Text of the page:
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Cupertino, CA, United States

De Anza College is a 112-acre community college located in Cupertino, California. It was founded in 1967 on the site of the Beaulieu Winery and is named after the Spanish explorer Juan Bautista de Anza. Along with the arrival and growth of Apple Computer, the presence of De Anza College contributed significantly to the growth of Cupertino from a small town to an industrial city and an integral part of Silicon Valley. It consistently ranks #1 or #2 in the state for the total number of students who annually transfer to University of California and California State University campuses. The college is also the home of the California History Center, housed in a mansion called "Le Petit Trianon". The current president of De Anza college is Brian Murphy, replacing Martha Kanter who later became the Under Secretary of Education for the Obama Administration. The average class size at De Anza is 35, and approximately 2,800 students transfer per year. It also attracts a heavy international student population.De Anza College is part of Silicon Valley's Foothill-De Anza Community College District, which also administers Foothill College in nearby Los Altos Hills, California. The district serves the cities of Cupertino, Los Altos, Los Altos Hills, Mountain View, Palo Alto, Sunnyvale and San Jose. The district headquarters is on the Foothill campus.Each year, De Anza invites several celebrities and dignitaries for public speaking engagements at its main theater, the Flint Center. De Anza once held the second largest pow-wow in the Bay Area, but the pow-wow organizers moved the event in 2005.De Anza holds a monthly flea market in its parking lot, which has become a community tradition as well as major source of income for the De Anza Associated Student Body . With a budget of over 1 million dollars, the DASB has one of the biggest student budgets of any community college in California.De Anza formerly had their own campus police. They used to wear slacks and polo shirts, and officers were unarmed. The department was not a POST participating agency and in 2001, the campus police departments at De Anza and Foothill College were merged to become the Foothill-De Anza College District Police. Wikipedia.


Nakase D.K.,De Anza College | Hartshorn A.S.,Montana State University | Spielmann K.A.,Arizona State University | Hall S.J.,Arizona State University
Geoarchaeology | Year: 2014

Prehistoric farmers in arid and semiarid ecosystems commonly used rock alignments to concentrate water and sediments on their fields. Previous research has emphasized the importance of runoff from organic matter-rich uplands as a mechanism for soil nutrient replenishment. However, eolian inputs to these dryland ecosystems might also contribute substantially to mineral-derived nutrient pools. We explored the relative importance of eolian deposition, prehistoric agriculture, and the presence of rock alignments on soil properties in a semiarid grassland in Arizona. Subsurface soils behind natural rock alignments are finer in texture than soils unbound by rock alignments, while subsurface soils behind agricultural rock alignments coarsen relative to unbound soils. Neither rock alignments nor estimated crop yields had detectable effects on mineral-derived nutrient pools. In contrast, eolian deposition is an important source of soil mass and nutrients to modern soils. While dust deposition likely reduced soil heterogeneity across this landscape, it could have also contributed to the sustainability of prehistoric agriculture. © 2014 Wiley Periodicals, Inc. Source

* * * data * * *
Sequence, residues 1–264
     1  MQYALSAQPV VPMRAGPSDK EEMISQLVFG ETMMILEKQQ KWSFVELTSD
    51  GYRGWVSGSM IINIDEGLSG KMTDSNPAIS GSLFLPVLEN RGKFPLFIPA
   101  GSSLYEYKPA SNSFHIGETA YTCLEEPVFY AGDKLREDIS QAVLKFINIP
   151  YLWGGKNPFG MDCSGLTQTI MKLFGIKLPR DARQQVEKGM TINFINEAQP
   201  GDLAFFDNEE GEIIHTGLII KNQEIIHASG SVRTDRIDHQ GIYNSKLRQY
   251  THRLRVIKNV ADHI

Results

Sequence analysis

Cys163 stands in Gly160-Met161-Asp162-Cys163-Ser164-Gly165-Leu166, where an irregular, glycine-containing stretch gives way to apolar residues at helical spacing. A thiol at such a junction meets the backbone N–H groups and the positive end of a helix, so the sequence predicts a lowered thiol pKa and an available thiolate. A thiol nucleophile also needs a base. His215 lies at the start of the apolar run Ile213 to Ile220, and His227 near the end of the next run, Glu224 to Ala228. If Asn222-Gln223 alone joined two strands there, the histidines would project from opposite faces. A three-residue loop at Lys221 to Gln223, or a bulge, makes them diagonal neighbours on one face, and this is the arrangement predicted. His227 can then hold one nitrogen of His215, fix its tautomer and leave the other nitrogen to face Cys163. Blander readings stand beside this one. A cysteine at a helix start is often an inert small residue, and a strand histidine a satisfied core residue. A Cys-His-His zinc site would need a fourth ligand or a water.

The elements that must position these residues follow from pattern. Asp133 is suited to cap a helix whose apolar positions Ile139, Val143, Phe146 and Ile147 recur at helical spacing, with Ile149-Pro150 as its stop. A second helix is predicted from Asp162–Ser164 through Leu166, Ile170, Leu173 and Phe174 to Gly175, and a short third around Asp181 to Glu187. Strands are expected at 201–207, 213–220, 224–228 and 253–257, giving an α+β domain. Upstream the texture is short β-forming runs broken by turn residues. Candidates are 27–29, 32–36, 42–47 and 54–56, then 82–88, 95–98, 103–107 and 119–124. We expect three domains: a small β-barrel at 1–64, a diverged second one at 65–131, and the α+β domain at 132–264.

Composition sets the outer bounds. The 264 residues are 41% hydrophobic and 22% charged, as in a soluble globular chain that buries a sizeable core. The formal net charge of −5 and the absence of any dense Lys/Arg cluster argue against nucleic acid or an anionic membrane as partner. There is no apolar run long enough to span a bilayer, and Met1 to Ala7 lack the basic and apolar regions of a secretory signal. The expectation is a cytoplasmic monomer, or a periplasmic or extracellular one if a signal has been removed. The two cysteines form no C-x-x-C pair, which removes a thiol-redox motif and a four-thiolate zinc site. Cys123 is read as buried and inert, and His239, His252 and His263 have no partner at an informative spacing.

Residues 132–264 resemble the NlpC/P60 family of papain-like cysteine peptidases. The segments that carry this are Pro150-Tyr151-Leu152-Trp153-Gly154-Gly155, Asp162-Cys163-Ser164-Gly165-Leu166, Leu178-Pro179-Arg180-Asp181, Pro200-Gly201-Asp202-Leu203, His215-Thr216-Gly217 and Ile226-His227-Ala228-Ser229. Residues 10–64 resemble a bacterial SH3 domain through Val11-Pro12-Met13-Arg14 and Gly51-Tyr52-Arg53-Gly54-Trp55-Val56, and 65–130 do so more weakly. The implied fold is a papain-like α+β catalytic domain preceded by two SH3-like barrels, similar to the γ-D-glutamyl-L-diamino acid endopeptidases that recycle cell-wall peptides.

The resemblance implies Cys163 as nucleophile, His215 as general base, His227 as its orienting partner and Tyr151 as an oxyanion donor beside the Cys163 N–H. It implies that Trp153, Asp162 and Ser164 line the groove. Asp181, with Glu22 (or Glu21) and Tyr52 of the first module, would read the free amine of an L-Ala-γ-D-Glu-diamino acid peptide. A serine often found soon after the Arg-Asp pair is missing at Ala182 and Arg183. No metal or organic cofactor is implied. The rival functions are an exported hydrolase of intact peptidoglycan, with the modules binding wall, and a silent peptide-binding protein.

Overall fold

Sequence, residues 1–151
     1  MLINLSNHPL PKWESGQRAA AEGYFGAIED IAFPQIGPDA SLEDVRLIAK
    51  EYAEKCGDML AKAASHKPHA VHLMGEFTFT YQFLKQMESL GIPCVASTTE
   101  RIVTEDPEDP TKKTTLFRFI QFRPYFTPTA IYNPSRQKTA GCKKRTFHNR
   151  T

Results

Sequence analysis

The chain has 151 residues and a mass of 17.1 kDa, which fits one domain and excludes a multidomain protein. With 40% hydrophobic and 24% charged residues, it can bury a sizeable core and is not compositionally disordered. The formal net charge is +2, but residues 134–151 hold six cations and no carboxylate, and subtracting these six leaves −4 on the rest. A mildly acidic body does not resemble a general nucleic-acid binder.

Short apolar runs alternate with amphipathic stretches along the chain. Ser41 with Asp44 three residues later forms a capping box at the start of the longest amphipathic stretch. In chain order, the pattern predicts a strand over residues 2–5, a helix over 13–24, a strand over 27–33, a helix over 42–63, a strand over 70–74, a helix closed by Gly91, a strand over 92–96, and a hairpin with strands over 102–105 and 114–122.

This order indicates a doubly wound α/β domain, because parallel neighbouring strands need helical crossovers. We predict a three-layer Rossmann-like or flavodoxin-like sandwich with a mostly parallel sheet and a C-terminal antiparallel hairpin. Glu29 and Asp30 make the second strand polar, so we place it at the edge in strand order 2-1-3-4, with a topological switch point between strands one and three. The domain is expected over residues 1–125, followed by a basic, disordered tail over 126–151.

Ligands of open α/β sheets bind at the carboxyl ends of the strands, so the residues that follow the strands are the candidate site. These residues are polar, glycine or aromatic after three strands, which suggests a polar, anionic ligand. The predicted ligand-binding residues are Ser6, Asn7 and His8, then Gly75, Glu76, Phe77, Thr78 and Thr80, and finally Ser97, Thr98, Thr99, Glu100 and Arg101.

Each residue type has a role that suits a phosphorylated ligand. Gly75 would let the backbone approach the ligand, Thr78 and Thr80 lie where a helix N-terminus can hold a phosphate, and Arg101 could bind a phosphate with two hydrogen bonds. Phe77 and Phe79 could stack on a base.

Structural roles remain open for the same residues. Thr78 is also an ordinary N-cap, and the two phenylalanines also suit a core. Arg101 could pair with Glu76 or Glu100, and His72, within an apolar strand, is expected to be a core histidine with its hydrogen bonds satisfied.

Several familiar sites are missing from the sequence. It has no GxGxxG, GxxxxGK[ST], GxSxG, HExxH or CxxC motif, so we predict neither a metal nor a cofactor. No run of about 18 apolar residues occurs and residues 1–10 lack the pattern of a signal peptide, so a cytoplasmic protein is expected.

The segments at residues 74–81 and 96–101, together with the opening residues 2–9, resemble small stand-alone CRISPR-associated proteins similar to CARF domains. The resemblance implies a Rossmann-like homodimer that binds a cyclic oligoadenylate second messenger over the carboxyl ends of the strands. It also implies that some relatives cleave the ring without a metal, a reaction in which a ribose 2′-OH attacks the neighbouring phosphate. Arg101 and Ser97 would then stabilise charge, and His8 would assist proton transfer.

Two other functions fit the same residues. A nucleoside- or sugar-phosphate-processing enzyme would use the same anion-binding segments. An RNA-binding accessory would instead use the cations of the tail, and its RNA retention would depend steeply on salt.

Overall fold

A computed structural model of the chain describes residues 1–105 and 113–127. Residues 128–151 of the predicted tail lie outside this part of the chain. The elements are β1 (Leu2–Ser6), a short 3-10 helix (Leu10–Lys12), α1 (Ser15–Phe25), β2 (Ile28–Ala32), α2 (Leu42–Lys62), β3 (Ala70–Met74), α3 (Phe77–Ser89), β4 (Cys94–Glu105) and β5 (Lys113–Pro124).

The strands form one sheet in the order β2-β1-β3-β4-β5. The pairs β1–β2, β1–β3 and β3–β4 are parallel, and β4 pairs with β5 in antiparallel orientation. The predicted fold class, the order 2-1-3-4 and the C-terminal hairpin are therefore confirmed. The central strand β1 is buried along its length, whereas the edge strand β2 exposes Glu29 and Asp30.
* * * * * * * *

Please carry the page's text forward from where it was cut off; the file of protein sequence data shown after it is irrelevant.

Cote S.,University of Calgary | McNulty K.P.,University of Minnesota | Stevens N.J.,Ohio University | Nengo I.O.,De Anza College
Journal of Human Evolution | Year: 2016

Limnopithecus is a small-bodied catarrhine genus that is widespread throughout early Miocene sites in East Africa. Although two species of this genus have been described - Limnopithecus legetet (type species) and Limnopithecus evansi - they are poorly known anatomically and their systematic positions remain unresolved. Here, we provide detailed descriptions and comparisons for two well-preserved maxillary specimens that we attribute to L. evansi. These specimens come from the type locality of the species, Songhor in western Kenya, and add greatly to our knowledge of its dentognathic morphology. Together, they preserve the entire unilateral upper dentition, with overlapping elements demonstrating conspecificity, and provide new information about I2 morphology and aspects of the palate, nasal aperture, and maxillary sinuses.Detailed morphological comparisons suggest that specimens referred to Limnopithecus from Songhor, Koru, and Rusinga share a unique I2 morphology not found in any other early Miocene catarrhine. This argues in favor of congeneric status for L. evansi and L. legetet. Moreover, features such as a broad palate, premolar morphology, and the relative proportions of the premolars of L. evansi distinguish it from Lomorupithecus harrisoni, another early Miocene catarrhine from Napak, Uganda. This finding challenges a recently proposed taxonomic interpretation that Lomorupithecus and L. evansi are conspecific. Our results underscore the distinctiveness of L. evansi and Lo. harrisoni, thereby reaffirming the validity of the taxon Lo. harrisoni and indicating that the Songhor and Napak catarrhine communities were relatively distinct, despite their apparent contemporaneity. © 2016 Elsevier Ltd. Source